Who will be the fifth tech giant?

Priscilla McGregor-Kerr

04 Mar 2019

The tech industry today is like the banking industry of the 1980s. It’s the richest sector in the world and is altering the way we conduct our lives before our eyes. The size of the global IT services market, for instance, is due to reach $704bn this year and $748bn in 2020, up by over $100bn since 2014. And according to HSRC’s Global Industry 4.0 Market & Technologies 2018-2023 report, the Industry 4.0 market will reach $214B by 2023. Four big firms dominate most discussion about the tech sector today: Alphabet (Google’s parent), Amazon, Apple and Facebook. (In his book ‘The Four’, business professor Scott Galloway provides an entertaining overview of these companies’ DNA, successes, strategies, and potential.) But business is constantly changing. Being a giant today is no guarantee of strength tomorrow. And new giants continue to emerge. So if we were to predict a fifth firm rising to these ranks on the global stage, who might it be? While there are lots of possible candidates right now, including the likes of Salesforce and Tesla, we’ve looked at three that are often highlighted as global giants of the future.  


Alibaba is the Asian e-commerce giant. Or rather, the world’s e-commerce giant, as it has more transactions than Amazon and eBay combined. Alibaba’s core business is connecting customers and merchants to buy and sell goods, but its partnerships and investments in seven research labs has put it on the road to building a $1 trillion AI industry by 2030. It also has one of the key features seen amongst tech giants over the years: a visionary leader. Jack Ma is a philanthropist and investor, and has a brilliant business mind which has set him up to be seen as a global ambassador for Chinese business. The company’s success since Ma set it up 20 years ago is nothing short of astonishing. It’s now ranked as the ninth most valuable brand in the world. Looking ahead, one of Alibaba’s challenges might be maintaining its remarkable size. The sheer number of sellers on its platform, for example, is creating a logistical issue with some merchants struggling to compete. And its expansion into areas like cloud services and entertainment are bringing it up against stiff competition from rivals like Amazon and Tencent.  


Uber launched in 2009 and within just nine years the ride sharing app has grown far beyond its main taxi service, expanding its features to bikes, delivering food, providing shipping, and even a (work-in-progress) flying vehicle. The aim is to transform the way we view transport, and it’s working. Uber has acquired a global status with a presence in over 50 countries by using an on-demand pricing strategy to boost supply at peak times. But the future of its service is likely to be autonomous and multi-modal (ie including bikes and scooters, not just cars). This will bring it into competition with Apple and Google’s own nascent autonomous transport offerings, as well as with Amazon’s logistics service. Another major challenge for Uber is government intervention. As the law attempts to modernise to regulate the digital world, companies like Uber are likely to have more rules and regulations to comply with.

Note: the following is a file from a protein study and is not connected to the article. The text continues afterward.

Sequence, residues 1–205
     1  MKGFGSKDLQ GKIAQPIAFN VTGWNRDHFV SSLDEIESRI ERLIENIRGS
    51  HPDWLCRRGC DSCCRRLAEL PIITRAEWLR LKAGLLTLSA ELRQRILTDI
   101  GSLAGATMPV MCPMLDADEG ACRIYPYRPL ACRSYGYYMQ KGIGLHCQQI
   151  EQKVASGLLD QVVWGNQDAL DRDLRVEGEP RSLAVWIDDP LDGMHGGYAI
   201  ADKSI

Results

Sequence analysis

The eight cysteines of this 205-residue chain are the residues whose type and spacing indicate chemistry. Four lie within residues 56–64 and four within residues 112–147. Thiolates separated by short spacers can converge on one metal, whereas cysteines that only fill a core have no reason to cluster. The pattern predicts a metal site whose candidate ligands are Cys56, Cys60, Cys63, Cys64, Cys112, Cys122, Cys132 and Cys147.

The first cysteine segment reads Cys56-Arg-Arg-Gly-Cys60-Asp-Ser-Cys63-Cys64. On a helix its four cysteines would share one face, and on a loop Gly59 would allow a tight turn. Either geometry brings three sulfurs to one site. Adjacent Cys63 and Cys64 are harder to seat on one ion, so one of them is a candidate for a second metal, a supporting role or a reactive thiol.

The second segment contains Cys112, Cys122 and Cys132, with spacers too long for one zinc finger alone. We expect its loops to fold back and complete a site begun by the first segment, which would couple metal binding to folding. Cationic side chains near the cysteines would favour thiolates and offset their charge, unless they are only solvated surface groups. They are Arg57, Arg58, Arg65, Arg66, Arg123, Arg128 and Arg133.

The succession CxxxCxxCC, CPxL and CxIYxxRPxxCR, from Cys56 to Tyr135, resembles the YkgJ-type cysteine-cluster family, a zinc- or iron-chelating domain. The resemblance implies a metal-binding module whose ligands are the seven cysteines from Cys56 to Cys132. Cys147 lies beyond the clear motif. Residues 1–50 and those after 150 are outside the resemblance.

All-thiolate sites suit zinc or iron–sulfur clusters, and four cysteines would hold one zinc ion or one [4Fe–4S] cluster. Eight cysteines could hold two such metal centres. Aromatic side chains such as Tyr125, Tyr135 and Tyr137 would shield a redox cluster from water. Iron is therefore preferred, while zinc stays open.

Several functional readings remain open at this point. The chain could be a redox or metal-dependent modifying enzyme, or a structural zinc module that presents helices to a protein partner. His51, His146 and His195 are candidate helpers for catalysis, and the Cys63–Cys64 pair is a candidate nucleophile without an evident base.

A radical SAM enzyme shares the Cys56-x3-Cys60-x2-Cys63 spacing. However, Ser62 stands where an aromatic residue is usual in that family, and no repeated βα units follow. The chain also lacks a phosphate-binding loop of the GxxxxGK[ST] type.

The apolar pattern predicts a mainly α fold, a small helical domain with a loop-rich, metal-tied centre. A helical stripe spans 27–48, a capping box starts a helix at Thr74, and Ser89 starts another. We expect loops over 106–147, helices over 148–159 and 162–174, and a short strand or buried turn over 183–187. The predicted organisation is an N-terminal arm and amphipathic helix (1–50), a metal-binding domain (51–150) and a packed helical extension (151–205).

Tencent was founded in 1998 by Ma Huateng, making it one of the oldest internet companies in China, and it has since grown to be is one of the biggest online service hubs in China. It is a multinational investment holding conglomerate, having acquired some of the world’s largest social media companies, VC firms, smartphones, payment services and gaming services, just to name a few. In 2017 it became the first Asian tech company to cross the $500bn valuation mark, strongly positioning itself as Asia’s leading company, even if many in the West don’t recognise it by name. Perhaps Tencent’s most popular service is the messaging app WeChat, which is viewed as a serious rival to Facebook and Twitter. In Chinese tech circles Tencent is seen as a mature player, with R&D levels lower than the fastest growing players in the industry (although above the industry average). Maintaining its remarkable growth and breaking into markets outside Asia are the next challenges. *** Today’s big four tech giants all have similar characteristics – they all have a track record of genuine innovation, they compete in multiple product areas, and they’re run by visionary leaders. Only time will tell which company will crack the formula to become the next tech giant. Will it be one of the three firms we’ve looked at, or someone else? Who’s your money on?